Achieving vaccine self-reliance should be pandemic’s legacy — PCOO

24-Apr-2021 Intellasia | PhilStar | 3:38 PM Print This Post

Achieving vaccine self-reliance should be the legacy of the pandemic, the chief of the government’s lead communication arm said, as the global supply of COVID-19 shots remains tight because of high demand.

Presidential Communications Secretary Martin Andanar said developing vaccines is not new to Filipinos, noting that the Philippines donated shots to China in 1939. The University of the Philippines (UP) College of Public Health, then known as the UP Institute of Hygiene, produced the vaccines, according to the website of the state-run university’s Manila campus.

“There is a saying attributed to former British prime minister Winston Churchill, ‘Never let a good crisis go to waste.’ We are facing a crisis of vaccine shortage. But the government is continuously securing vaccines and the ones being delivered came from different sources. Some were purchased, others were donated,” Andanar said during his weekly program “Cabinet Report: The New Normal.”

“Despite the crisis we are facing, perhaps it’s time for us to think: ‘Can we be more self-reliant as a person, as a community, as a country? Maybe that should be one of the legacies of the pandemic, that after this, Filipinos should be more reliant because we can do it,” he added.

Science Secretary Fortunato dela Peña also expressed optimism that the Philippines can achieve vaccine self-reliance.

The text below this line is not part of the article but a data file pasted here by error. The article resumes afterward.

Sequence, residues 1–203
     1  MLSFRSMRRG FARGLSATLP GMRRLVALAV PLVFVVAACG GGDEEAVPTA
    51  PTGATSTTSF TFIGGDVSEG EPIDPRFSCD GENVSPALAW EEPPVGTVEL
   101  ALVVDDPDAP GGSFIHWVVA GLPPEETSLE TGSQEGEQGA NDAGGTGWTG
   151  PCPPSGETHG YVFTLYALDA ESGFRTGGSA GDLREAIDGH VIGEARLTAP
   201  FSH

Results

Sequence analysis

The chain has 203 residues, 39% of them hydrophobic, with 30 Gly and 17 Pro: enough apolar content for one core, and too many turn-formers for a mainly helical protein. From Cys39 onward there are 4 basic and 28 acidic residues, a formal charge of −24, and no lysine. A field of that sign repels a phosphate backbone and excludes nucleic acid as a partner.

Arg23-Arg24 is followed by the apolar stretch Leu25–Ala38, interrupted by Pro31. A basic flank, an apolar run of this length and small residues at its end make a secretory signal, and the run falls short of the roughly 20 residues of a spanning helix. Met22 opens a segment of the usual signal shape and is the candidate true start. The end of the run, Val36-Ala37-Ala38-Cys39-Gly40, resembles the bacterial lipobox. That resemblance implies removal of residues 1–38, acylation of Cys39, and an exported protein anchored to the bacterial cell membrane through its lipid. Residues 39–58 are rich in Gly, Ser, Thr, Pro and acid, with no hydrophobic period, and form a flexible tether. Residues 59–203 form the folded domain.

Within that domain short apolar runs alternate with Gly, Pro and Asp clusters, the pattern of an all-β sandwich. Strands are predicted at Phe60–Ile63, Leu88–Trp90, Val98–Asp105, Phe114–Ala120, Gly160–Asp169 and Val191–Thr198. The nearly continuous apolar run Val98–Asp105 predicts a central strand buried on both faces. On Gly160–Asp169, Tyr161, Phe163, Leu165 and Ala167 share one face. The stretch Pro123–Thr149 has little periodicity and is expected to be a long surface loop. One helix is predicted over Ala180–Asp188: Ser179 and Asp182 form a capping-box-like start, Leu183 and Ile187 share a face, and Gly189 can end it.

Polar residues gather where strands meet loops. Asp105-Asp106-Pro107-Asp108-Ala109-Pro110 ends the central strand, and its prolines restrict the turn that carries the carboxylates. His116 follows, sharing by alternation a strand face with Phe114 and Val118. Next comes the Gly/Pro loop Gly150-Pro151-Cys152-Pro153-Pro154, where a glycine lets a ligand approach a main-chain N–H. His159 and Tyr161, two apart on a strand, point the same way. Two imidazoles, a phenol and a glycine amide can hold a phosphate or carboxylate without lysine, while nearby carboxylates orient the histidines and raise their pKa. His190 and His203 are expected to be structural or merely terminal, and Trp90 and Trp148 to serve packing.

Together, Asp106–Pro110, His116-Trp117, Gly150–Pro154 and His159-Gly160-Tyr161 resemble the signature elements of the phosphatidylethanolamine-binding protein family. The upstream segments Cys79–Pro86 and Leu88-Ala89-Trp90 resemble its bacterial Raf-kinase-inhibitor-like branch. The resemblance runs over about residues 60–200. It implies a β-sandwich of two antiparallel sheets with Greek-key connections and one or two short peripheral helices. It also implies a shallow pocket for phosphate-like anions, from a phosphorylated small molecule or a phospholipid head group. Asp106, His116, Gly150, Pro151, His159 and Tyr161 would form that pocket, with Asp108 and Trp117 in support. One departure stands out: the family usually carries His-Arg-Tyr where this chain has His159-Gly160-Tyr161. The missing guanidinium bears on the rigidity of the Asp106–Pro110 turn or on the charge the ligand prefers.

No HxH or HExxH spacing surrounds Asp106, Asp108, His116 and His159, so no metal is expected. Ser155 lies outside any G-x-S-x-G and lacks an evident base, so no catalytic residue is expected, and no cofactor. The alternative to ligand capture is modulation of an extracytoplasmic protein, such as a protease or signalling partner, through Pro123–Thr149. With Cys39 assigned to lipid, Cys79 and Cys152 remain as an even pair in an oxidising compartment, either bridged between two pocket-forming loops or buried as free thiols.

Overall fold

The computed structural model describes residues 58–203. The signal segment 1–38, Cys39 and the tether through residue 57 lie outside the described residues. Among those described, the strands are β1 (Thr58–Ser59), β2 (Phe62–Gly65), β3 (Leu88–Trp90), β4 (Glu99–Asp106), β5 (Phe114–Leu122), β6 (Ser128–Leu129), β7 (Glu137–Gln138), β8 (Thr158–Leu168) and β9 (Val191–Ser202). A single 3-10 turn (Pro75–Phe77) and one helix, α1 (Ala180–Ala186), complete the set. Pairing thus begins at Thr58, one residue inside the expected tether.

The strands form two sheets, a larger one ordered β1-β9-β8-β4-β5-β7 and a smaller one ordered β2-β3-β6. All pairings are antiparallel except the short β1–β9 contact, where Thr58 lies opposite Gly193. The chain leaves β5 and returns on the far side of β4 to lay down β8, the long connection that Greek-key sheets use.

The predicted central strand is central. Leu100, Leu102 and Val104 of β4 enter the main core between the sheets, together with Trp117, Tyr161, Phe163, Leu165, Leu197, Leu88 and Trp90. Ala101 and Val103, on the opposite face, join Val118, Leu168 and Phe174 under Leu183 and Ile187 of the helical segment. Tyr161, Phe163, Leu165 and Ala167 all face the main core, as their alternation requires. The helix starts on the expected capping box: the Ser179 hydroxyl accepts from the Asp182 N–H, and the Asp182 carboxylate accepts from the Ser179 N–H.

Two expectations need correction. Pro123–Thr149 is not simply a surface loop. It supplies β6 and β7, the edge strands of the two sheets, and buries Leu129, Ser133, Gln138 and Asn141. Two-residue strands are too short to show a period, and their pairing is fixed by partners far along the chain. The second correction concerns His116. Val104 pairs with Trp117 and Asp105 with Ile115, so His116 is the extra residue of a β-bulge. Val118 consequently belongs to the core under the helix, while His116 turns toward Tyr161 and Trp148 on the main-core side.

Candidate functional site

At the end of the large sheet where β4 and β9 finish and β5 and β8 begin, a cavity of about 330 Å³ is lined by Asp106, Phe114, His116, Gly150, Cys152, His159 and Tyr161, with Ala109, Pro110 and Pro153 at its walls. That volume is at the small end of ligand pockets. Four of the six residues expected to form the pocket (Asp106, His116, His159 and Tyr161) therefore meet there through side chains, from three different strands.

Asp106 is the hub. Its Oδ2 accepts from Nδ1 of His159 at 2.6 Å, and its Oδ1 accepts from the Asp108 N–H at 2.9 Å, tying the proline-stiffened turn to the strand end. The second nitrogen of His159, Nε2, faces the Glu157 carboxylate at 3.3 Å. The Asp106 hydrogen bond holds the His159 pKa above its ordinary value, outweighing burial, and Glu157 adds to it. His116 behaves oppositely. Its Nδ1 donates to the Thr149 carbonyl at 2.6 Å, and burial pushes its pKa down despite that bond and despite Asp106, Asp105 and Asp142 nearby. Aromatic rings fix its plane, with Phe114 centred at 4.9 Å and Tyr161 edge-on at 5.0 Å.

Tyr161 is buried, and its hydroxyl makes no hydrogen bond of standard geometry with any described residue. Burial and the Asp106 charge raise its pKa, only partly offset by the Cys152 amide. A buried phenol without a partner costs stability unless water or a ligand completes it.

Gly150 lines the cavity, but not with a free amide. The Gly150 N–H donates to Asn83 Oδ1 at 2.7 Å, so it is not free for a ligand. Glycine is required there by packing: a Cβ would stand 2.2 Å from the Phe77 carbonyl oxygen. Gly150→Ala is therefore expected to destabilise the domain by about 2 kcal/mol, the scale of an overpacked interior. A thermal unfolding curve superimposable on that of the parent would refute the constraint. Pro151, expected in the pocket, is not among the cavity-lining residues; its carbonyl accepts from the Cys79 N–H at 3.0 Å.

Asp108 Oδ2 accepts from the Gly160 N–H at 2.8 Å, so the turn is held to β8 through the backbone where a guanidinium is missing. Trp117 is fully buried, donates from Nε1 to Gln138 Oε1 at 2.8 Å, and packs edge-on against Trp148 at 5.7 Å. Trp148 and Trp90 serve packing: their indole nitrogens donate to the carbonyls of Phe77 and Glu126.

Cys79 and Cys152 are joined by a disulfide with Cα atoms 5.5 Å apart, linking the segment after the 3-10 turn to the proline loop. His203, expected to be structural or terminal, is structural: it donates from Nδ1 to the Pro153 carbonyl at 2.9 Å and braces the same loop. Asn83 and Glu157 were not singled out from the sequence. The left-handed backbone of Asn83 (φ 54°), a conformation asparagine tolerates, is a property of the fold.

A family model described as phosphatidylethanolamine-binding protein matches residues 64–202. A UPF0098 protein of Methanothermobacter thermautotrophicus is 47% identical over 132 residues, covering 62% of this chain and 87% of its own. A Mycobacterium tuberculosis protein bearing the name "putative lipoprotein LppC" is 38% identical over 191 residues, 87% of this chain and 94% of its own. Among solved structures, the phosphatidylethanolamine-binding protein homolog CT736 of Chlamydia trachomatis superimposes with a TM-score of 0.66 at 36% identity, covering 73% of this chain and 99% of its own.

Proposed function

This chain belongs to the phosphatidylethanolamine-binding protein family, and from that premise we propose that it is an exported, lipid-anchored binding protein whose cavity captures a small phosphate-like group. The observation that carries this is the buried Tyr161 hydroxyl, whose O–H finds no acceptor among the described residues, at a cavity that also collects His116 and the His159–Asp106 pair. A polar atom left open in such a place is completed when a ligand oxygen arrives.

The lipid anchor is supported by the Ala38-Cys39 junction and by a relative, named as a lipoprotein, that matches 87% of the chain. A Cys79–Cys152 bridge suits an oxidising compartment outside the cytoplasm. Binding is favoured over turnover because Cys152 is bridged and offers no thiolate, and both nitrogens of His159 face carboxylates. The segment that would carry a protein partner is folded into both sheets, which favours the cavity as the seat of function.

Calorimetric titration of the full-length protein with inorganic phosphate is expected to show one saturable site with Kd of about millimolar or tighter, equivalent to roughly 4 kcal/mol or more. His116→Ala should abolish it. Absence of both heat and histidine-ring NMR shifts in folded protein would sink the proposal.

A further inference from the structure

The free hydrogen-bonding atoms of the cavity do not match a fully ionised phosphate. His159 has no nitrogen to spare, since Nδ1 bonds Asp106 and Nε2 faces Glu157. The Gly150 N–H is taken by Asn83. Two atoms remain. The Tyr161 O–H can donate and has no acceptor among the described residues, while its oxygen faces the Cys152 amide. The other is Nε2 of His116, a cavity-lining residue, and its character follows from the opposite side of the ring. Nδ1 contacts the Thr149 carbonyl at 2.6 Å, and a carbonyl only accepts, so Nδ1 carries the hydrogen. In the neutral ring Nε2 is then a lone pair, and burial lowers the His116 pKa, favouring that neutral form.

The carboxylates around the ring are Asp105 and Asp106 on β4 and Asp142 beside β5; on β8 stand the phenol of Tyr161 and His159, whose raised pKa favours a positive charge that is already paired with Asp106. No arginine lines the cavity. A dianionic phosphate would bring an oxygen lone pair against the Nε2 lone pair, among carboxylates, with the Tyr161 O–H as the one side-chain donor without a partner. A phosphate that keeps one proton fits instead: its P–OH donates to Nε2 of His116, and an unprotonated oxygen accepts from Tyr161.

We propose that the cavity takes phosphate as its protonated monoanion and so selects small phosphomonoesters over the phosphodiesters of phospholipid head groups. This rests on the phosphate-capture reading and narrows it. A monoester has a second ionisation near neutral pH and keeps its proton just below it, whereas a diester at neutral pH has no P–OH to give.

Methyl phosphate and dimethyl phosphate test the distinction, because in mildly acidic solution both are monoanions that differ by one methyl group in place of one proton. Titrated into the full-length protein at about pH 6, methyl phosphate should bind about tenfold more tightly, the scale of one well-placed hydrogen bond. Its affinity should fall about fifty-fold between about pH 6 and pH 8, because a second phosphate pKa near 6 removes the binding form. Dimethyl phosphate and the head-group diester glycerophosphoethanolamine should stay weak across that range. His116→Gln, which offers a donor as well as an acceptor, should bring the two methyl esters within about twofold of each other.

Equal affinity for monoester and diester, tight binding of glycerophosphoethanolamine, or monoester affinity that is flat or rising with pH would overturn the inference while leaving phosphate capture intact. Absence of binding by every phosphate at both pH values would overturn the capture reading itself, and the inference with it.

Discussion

“We have a high level of confidence that we can do it. We have proven before that we can do it… We just need political will,” Dela Peña said.

“Second, we have industries leading the effort. That means the technology came from abroad but we can introduce value innovations, adding both in the technology and in the products. We are the highest exporters of semiconductors and electronic products… It is not that different from the field of medical products like pharmaceuticals,” he added.

Dela Peña said the government’s vaccine self-reliance roadmap involves negotiations with the private sector for local vaccine manufacturing; raising the maturity level of the Food and Drug Administration to enable it to conduct vaccine tests and certifications; the setting up of a Virology Science and Technology Institute, which will require the approval of Congress; and the revitalization of the science department’s pharmaceutical development center.

Earlier this month, Science Undersecretary Rowena Guevara said six local firms are in talks with the government for possible vaccine manufacturing. Two of the six companies may produce their vaccines by the end of 2022, she added.

Dela Peña said the budget department has been supportive of human resource development, noting that existing scholarships in science and technology are now covering more fields. He said beneficiaries of science department scholarships rose from about 5,000 in 2016 to about 9,000 to 10,000 last year. Scholars in the graduate level, meanwhile, increased from about 100 per year in 2016 to about 400, dela Peña added.

“And this year, we expect that we will be giving something like 14,000 new slots for the bachelor’s degree. Of course that is our goal of really inclusive development, of building up or capability,” the science chief said.

Dela Peña said the government is also implementing the Balik Scientist Act, which offers additional benefits to Filipino scientists abroad to encourage them to return to the country and share their expertise.


Category: Philippines

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